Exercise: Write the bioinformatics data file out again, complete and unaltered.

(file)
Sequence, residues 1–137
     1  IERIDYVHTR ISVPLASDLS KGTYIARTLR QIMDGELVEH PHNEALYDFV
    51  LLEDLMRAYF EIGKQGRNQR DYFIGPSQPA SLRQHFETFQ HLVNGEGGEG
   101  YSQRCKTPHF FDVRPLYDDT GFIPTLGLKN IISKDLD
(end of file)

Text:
Sequence, residues 1–137
     1  IERIDYVHTR ISVPLASDLS KGTYIARTLR QIMDGELVEH PHNEALYDFV
    51  LLEDLMRAYF EIGKQGRNQR DYFIGPSQPA SLRQHFETFQ HLVNGEGGEG
   101  YSQRCKTPHF FDVRPLYDDT GFIPTLGLKN IISKDLD